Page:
Drought has Yangtze under siege

PUBLISHED : Saturday, 04 June, 2011, 12:00am
UPDATED : Saturday, 04 June, 2011, 12:00am


The drought that has affected the Yangtze River this year has had a serious impact on the environment, an official said yesterday.

The drought has dried up more than 1,333 hectares of wetland and threatens the survival of migratory birds, Vice-Minister of Environmental Protection Li Ganjie said.

He was speaking at the release of the mainland's 2010 environment communique, an annual assessment of the country's green situation.

Sharp drops in water levels on the lower and middle reaches of the Yangtze had also degregated the water quality in major lakes in the area, including the Dongting, Poyang and Hong, Li said.

Environmentalist Ma Jun, a water-pollution expert, said reduced volume and water flow impeded the lakes' ability to purify the water.

Li denied the Three Gorges Dam had made the drought worse, saying lack of rain was the main cause.

In response to media reports about Jiangxi province's plan to dam a river connecting Poyang Lake to the Yangtze, Li said the ministry had not received an environmental assessment application from the local government.

The annual environment communique said surface water pollution remained serious last year. The mainland's seven major rivers - the Yangtze, Yellow, Pearl, Songhua, Huai, Hai and Liao - as well as coastal waters were all slightly polluted.

Ma said the 'slight pollution' rating for such waters might not match people's experience, because many people lived near the branches of rivers instead of the trunk streams.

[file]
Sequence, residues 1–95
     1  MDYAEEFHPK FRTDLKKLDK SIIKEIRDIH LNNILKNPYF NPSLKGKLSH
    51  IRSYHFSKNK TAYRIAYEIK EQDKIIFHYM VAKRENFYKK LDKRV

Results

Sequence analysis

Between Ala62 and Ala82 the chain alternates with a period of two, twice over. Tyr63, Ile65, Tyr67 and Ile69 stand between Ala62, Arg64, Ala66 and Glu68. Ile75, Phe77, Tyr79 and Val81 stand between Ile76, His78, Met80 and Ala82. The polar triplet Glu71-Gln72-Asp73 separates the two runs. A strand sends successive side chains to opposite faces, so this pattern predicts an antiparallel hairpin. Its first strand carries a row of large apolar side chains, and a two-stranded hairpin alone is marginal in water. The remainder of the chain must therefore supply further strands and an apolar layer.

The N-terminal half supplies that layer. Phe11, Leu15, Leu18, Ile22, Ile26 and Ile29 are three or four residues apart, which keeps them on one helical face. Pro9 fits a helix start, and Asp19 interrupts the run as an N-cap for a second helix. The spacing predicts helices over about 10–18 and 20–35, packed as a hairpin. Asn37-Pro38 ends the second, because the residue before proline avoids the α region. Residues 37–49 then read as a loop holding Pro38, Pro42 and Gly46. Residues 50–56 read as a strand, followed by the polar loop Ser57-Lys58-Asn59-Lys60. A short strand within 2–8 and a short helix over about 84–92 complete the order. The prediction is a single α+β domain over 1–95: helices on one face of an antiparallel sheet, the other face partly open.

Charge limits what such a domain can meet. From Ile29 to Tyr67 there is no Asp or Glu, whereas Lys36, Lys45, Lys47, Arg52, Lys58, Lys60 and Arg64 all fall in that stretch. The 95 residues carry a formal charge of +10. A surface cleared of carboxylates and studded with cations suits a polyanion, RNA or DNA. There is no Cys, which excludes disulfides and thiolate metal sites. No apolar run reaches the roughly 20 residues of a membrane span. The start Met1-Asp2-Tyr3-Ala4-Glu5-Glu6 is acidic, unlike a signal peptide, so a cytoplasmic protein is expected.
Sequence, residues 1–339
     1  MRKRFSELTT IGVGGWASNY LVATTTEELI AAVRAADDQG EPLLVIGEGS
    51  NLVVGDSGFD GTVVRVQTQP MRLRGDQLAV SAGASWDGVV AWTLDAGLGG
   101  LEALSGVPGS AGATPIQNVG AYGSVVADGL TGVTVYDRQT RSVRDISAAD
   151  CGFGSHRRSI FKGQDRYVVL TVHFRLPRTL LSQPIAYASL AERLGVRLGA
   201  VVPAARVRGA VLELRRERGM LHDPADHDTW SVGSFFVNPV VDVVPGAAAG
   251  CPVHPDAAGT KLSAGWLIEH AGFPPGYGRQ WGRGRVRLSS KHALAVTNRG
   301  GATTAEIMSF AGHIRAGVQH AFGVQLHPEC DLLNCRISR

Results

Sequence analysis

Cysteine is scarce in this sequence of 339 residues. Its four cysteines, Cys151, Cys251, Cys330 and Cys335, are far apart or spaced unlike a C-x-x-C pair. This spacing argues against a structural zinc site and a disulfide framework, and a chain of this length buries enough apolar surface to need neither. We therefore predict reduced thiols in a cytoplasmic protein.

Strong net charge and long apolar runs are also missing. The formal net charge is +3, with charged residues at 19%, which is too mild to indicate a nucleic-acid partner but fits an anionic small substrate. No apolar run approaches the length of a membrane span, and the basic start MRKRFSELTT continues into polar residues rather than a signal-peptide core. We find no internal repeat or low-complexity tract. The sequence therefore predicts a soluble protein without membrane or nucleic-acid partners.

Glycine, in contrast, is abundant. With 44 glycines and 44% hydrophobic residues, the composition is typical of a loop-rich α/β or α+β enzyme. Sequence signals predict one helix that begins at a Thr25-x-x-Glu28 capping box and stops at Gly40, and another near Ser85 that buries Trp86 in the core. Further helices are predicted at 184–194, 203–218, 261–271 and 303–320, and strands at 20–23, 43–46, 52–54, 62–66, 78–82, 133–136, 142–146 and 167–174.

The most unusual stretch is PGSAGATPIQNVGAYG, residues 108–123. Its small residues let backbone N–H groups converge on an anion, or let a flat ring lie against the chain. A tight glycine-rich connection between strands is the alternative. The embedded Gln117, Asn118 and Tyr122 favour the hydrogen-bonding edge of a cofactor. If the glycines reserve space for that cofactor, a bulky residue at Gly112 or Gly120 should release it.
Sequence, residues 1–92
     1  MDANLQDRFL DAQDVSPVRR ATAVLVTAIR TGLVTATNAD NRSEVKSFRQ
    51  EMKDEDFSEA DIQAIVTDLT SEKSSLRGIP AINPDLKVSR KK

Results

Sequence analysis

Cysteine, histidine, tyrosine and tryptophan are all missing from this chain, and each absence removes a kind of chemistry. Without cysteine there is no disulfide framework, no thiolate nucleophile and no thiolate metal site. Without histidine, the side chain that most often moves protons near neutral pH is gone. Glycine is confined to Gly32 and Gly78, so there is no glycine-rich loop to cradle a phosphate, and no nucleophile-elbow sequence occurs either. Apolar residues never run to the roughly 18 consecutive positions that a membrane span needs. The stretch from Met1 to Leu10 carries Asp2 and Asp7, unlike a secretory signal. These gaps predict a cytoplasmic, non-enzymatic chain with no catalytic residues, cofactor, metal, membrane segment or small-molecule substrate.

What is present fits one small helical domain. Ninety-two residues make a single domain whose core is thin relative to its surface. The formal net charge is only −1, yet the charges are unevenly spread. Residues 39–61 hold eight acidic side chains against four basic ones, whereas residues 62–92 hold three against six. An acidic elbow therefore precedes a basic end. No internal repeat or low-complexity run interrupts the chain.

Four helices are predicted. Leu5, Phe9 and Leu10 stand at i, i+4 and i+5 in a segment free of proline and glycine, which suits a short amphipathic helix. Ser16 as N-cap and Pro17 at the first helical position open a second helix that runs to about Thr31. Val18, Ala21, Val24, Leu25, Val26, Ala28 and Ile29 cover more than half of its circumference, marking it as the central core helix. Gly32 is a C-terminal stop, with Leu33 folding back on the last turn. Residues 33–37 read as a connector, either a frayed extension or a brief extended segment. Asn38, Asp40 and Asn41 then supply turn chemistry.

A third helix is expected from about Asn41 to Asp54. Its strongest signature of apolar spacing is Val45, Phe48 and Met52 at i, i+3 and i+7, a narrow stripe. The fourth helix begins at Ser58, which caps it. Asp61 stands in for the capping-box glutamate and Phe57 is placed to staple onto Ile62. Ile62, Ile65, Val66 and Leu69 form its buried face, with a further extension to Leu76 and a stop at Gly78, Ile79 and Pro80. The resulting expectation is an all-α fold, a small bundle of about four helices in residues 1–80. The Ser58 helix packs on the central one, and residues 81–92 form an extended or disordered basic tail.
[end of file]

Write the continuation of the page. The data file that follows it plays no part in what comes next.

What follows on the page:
He said what people saw in their daily life, especially in eastern provinces, would be much worse. 'For residents in eastern China, it's really hard to find a clean lake,' Ma said. 'And shallow underground water is commonly polluted too.'

Pollution in rural areas had worsened, the communique said.

'Infrastructure for environmental protection in rural areas has lagged a long way behind. There's a distinct lack of regulations and supervision capability,' Li said.

A national survey by the ministry last year found that half of the sources of pollution were in rural areas.

Li said the government would place strict restrictions on development projects in environmentally vulnerable areas in resource-rich Inner Mongolia and other areas with large ethnic populations.

Resource exploitation, especially coal mining, in Inner Mongolia has led to land subsidence and water pollution, and forced herders off grassland.

Li said the ministry was aware of the problems and would help local governments punish enterprises that breached environmental protection laws and regulations.

Protests erupted in the autonomous region last week after a Mongolian herder was knocked down and killed by a coal truck on his land. Many Mongols worry that their grazing lands are being ruined by mining and desertification.

Li said heavy metal pollution, another major concern in recent years, was still severe. There had been seven cases of lead poisoning so far this year, compared with nine for all of last year.

He said government departments had been pushing forward with legislation on heavy metal pollution and the State Council, the mainland's cabinet, had approved a plan to reduce and treat heavy metal pollution over the next five years.